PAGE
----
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April 20, 2022

Russian pharma pipeline dominated by private entities, but no clear source of capital

In the wake of Russia’s invasion of Ukraine, there have been significant financial sanctions on the country, crippling the Russian economy.

By GlobalData Healthcare

The Russian pharmaceutical pipeline is dominated by private pharmaceutical companies, which account for over two-thirds of all companies involved in Russian novel drug development. The remaining companies are largely controlled by the government and various academic institutions. This creates a distinct company make-up that is unique in Europe. In the wake of Russia’s invasion of Ukraine, there have been significant financial sanctions on the country, crippling the Russian economy. As such, questions have arisen about how private pharmaceutical companies in Russia will fund their pipelines.

Russia’s active pipeline covers drugs in all active novel clinical and preclinical stages of development, including the pre-registration stage of development, and excludes drugs considered to be inactive or discontinued. The pipeline is dominated by private companies, which account for 70% of all companies involved. Government and institution-based entities make up the bulk of the remainder of the pipeline with 28% of all companies, and public companies make up only 2% of the pipeline. This company-based makeup is unique in Europe. Public companies make up a greater percentage of the pipeline in Europe compared to Russia, at an average of five times more, accounting for 12% of all companies in Europe. Government entities make up less than 0.2% of the European active pipeline companies.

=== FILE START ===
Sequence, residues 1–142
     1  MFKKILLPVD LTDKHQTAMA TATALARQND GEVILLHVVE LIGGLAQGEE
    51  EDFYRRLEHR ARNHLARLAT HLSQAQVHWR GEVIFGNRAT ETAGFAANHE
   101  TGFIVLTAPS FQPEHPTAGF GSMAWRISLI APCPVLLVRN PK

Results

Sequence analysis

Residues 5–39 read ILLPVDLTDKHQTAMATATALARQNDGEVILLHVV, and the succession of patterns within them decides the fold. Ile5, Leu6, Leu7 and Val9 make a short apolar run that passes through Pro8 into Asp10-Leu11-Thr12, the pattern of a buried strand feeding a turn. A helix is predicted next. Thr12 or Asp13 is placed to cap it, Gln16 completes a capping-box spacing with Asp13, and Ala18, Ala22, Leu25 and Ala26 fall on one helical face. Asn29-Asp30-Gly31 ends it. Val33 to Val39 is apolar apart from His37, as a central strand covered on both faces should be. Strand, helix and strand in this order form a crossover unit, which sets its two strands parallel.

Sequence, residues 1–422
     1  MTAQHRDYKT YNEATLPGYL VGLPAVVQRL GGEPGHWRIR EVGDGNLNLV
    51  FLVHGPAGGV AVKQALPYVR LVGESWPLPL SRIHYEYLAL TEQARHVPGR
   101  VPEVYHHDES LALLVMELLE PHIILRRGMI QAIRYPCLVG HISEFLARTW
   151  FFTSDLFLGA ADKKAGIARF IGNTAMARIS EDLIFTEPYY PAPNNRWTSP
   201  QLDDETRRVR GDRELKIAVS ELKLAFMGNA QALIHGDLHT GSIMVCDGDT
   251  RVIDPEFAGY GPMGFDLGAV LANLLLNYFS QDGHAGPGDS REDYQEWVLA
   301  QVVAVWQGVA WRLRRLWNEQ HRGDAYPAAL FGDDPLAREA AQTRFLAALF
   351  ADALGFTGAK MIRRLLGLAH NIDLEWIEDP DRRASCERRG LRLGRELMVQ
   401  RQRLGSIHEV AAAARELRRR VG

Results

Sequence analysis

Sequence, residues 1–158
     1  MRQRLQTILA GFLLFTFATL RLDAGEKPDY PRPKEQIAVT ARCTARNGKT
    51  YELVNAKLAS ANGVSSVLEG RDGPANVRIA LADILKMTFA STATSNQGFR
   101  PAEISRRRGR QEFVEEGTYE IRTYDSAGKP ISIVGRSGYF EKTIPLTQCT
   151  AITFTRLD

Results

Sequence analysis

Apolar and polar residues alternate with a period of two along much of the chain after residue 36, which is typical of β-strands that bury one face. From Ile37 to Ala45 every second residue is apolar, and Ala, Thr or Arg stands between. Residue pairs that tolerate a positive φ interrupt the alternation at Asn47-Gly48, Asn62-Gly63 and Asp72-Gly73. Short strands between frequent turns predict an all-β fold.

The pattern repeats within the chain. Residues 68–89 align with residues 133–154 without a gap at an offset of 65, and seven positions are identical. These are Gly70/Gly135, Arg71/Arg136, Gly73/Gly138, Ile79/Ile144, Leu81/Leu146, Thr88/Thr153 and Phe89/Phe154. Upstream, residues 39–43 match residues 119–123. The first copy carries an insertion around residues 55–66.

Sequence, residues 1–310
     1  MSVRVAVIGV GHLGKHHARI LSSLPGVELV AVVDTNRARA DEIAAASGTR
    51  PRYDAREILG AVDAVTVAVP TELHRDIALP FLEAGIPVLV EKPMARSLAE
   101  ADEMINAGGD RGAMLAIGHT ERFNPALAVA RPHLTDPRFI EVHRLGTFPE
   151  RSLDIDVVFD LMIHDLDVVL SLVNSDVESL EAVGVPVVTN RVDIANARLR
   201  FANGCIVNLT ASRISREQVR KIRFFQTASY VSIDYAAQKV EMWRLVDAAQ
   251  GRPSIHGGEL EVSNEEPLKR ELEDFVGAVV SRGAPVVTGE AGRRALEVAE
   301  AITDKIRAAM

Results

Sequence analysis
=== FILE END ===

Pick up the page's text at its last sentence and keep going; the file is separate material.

The international community has imposed a series of some of the most punitive sanctions on Russia, its finances, and many imports. The cumulative effect of these sanctions has been to devastate the Russian economy. While they do not directly target the pharmaceutical industry, the knock-on effects will certainly be felt by the pharma companies. As the majority of pharma companies within Russia are private entities, these sanctions will have a large impact on their financial viability. With Russia’s economy suffering, it is unclear who will have the money available to finance drug development, as it has famously been a long and costly process. Similarly, as the remainder of Russian pharmaceutical companies are largely institution based, they will likely struggle to find funds as fewer people invest in their institutions and government funds become stretched thin. The Skolkovo Foundation is a government-backed scientific and technological center for the development and commercialization of advanced technologies and a key investor that has supported many pharmaceutical companies, including PharmaDiall and Pharmenterprises. It has also been identified by the US government as part of Russia’s state security and spying apparatus, and may come under direct sanctions, further limiting financial investors in the country, especially for drug developers.

As the war enters its seventh week, showing no signs of stopping anytime soon, so too will the deep sanctions that are so detrimental to Russia and its finances. Russia’s unique company make-up within the pharmaceutical sector, prioritizing both private companies and government-linked institutions over public entities, may prove to be the market’s downfall. As long as the sanctions continue, these companies will struggle to raise the funds needed to develop drugs, setting the Russian pharmaceutical pipeline back years.

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